The literature describing the association of sexual and physical violence with various poor health outcomes is extensive. In general, sexual trauma and nonsexual physical violence are associated with the more symptomatic presentation of PTSD and lifetime trauma types compared to other trauma types.[82] Nonsexual physical violence is associated with comorbid substance use disorder in approximately 25% to 45% of PTSD cases.[83] The unexpected death of a loved one was associated with comorbid depression. In all cases, developing depressive symptoms with and without PTSD is common, especially following high acute stress responses.[32]

Trauma exposure is strongly associated with suicidal ideation and suicide attempts across the lifespan.[30] This finding is true of childhood trauma exposure, which increases the risk of later developing suicidal ideation in children and adults, especially with sexual trauma. Trauma responses appear to be influenced by gender. For example, male military members with a history of any childhood trauma, especially sexual abuse, significantly increased the likelihood of presenting to the hospital for attempting suicide instead of suicidal ideation; females are more likely to take their own life if exposed to childhood neglect, particularly emotional neglect.[30]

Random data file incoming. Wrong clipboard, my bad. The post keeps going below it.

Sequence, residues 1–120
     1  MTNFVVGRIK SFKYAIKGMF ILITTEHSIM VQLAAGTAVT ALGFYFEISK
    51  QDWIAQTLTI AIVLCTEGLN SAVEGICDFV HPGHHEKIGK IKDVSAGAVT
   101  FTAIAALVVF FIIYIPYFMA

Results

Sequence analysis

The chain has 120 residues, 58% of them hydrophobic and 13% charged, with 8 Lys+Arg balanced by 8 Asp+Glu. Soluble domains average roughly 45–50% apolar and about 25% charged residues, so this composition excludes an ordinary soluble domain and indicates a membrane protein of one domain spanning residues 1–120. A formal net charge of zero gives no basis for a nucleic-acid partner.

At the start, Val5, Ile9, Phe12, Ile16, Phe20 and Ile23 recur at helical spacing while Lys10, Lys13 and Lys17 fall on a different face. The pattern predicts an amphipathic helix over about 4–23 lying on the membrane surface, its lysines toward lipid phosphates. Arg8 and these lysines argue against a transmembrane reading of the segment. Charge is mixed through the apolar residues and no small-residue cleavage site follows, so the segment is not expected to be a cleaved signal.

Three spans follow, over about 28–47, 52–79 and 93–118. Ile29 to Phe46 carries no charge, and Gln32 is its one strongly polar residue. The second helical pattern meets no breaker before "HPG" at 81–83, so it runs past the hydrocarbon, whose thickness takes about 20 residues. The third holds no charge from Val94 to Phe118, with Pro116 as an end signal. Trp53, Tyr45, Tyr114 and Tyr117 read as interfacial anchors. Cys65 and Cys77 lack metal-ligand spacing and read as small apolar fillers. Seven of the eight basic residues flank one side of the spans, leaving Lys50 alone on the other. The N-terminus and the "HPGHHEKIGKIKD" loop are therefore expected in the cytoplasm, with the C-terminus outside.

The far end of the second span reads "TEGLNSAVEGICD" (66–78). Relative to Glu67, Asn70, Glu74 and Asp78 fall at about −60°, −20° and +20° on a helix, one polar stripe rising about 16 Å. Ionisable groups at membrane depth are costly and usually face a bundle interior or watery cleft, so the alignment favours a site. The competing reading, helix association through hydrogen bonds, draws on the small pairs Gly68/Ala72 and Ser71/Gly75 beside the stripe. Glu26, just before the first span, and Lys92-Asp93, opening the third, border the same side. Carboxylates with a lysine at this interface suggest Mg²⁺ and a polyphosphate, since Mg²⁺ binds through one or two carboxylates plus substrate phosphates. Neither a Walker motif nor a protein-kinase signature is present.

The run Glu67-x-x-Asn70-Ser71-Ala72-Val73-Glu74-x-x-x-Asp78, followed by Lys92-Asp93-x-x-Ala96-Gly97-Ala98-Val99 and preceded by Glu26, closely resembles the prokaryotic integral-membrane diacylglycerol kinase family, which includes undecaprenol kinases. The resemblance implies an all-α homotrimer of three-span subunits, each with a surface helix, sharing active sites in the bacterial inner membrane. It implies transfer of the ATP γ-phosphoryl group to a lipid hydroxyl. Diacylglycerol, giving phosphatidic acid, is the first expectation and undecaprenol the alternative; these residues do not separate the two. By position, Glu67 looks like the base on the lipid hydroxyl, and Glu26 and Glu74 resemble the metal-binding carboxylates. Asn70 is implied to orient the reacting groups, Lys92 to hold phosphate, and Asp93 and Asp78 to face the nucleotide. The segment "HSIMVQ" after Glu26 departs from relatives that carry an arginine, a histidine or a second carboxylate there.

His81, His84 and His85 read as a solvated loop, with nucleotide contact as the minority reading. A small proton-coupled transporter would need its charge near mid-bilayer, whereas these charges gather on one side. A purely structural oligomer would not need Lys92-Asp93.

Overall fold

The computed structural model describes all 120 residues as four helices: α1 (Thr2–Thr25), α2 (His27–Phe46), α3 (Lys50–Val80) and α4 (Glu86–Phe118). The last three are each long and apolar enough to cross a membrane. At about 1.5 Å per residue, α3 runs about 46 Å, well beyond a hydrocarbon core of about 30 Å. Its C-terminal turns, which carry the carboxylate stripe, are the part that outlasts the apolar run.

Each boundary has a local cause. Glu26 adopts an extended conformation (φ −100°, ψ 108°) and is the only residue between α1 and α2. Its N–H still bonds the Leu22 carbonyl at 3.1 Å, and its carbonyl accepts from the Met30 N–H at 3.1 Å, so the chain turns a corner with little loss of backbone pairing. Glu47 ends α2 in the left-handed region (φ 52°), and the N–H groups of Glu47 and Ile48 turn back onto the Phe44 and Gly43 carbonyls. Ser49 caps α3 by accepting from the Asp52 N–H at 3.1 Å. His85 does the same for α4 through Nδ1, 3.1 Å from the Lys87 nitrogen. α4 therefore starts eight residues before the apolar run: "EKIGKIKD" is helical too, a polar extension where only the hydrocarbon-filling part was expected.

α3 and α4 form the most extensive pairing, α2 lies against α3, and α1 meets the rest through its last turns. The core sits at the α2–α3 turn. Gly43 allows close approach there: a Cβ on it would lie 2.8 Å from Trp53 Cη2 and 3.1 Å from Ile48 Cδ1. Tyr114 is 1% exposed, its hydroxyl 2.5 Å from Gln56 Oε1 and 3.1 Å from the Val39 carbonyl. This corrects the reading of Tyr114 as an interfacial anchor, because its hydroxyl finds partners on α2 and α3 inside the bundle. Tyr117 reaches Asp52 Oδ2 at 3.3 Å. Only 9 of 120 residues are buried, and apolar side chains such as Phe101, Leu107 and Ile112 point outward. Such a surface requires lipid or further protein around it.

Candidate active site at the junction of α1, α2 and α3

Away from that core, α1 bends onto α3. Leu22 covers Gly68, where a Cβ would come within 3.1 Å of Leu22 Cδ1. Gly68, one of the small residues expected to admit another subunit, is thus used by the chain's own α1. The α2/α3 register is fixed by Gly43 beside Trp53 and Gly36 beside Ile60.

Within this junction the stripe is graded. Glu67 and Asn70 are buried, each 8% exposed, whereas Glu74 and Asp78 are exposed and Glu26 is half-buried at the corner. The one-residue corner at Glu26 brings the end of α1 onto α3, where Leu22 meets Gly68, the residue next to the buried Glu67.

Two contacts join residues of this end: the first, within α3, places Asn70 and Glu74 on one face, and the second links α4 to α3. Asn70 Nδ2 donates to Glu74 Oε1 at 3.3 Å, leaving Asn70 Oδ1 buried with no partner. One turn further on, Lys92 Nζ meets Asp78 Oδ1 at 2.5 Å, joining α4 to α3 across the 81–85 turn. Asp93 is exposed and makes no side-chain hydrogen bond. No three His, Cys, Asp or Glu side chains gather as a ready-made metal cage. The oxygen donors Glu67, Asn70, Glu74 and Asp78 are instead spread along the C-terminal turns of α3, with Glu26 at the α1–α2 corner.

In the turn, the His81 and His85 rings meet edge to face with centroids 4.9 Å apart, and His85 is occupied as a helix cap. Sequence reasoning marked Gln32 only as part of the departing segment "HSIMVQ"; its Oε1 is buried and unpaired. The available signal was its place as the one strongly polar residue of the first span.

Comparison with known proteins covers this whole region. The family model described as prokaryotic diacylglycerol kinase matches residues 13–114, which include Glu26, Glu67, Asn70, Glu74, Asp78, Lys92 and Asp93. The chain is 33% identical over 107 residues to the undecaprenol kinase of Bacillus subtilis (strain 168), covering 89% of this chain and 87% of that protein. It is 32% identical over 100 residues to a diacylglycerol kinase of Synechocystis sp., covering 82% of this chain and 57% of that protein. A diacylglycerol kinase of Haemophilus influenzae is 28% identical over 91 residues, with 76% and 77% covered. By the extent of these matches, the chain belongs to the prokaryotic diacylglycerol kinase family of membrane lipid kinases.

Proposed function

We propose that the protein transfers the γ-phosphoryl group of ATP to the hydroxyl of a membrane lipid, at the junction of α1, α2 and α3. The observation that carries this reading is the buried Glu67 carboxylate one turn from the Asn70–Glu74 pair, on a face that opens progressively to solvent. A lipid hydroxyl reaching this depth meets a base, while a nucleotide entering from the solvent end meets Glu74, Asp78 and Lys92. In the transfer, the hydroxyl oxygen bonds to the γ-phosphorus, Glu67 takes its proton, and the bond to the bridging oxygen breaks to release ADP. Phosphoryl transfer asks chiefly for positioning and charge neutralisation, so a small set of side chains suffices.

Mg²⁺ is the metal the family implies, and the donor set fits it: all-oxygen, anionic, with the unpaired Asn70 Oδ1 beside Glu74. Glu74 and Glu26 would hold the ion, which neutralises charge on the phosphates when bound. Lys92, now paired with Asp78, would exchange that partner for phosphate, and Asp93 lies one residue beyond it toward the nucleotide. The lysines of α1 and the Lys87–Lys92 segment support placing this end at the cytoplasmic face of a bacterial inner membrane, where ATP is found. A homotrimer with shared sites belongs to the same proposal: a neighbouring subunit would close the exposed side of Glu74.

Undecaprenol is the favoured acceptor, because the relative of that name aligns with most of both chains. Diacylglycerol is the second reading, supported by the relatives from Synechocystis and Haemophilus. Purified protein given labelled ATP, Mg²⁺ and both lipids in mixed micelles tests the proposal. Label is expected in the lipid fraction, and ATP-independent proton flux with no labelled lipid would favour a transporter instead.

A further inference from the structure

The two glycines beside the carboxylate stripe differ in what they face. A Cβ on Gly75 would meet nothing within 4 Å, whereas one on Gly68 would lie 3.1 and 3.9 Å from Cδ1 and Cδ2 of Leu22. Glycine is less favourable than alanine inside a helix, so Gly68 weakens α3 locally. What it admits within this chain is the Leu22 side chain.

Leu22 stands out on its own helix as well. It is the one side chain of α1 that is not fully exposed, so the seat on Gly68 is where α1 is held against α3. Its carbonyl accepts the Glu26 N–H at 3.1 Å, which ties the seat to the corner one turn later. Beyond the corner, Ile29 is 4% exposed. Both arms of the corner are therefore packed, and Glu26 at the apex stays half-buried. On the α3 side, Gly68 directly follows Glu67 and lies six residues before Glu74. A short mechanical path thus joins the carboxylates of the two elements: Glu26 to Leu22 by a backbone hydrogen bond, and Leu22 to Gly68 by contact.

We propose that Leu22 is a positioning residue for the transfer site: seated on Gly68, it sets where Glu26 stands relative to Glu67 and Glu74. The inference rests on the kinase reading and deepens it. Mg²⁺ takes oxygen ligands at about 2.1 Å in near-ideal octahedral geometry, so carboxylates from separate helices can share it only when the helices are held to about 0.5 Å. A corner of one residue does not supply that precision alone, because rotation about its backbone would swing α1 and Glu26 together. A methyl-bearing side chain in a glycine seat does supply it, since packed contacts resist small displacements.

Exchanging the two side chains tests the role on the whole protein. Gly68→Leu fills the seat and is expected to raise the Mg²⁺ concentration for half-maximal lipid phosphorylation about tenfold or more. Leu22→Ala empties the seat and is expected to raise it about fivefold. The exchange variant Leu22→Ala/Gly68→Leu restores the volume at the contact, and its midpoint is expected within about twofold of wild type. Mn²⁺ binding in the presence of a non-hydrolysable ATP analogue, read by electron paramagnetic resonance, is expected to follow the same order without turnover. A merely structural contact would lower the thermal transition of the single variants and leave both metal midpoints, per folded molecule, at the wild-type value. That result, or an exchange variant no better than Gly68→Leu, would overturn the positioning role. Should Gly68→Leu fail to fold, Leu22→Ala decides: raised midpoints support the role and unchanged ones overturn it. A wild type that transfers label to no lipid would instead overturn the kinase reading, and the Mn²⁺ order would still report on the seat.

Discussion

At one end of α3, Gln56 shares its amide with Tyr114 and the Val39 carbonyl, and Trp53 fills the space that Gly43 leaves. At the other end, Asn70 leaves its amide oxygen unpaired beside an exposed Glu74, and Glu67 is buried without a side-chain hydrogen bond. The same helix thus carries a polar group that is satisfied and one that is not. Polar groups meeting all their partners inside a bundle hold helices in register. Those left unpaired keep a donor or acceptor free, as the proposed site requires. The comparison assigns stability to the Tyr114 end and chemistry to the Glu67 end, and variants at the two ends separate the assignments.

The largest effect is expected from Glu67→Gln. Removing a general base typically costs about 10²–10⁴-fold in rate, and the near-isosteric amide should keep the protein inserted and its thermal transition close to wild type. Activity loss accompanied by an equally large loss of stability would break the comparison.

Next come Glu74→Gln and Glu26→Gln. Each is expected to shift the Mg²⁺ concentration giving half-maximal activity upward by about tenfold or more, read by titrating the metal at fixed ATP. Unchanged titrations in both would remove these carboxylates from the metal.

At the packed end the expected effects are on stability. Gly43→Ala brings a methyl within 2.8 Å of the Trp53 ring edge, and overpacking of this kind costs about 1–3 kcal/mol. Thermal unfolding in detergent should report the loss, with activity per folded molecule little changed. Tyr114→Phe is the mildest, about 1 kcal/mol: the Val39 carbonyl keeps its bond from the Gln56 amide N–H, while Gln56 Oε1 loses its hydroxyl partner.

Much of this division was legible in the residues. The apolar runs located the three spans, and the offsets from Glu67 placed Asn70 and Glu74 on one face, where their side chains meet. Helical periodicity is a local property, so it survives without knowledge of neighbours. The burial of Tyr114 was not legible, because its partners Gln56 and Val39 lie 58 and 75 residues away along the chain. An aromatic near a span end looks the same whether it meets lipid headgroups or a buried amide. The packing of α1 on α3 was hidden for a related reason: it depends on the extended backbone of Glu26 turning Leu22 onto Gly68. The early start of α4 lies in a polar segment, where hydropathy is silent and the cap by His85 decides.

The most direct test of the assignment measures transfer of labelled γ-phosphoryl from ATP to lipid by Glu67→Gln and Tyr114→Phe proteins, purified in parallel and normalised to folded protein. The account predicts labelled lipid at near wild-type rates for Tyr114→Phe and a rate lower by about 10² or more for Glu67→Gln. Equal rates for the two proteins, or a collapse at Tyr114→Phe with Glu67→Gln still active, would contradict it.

Current research indicates a strong association between trauma exposure and the risk of later developing psychotic symptoms, including chronic auditory and visual hallucinations. One study by Medjkane found that the number of hallucinatory modalities that patients experienced was a statistically significant predictor of childhood trauma after controlling for suicidal ideation and comorbid diagnoses.[84] Additionally, exposure to at least 1 traumatic event led to a 2.5 increased risk of developing paranoid ideations and a nearly five-fold increase in developing verbal hallucinations.[85]